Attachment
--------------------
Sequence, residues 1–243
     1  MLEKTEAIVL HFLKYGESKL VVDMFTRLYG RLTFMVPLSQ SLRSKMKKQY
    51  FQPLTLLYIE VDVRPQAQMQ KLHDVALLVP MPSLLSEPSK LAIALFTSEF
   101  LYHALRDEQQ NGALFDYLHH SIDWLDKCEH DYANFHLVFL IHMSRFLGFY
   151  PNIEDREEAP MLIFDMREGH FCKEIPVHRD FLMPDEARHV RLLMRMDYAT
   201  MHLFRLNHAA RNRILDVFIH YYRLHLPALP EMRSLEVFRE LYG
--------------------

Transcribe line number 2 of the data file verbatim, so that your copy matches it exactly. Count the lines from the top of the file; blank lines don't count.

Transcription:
     1  MLEKTEAIVL HFLKYGESKL VVDMFTRLYG RLTFMVPLSQ SLRSKMKKQY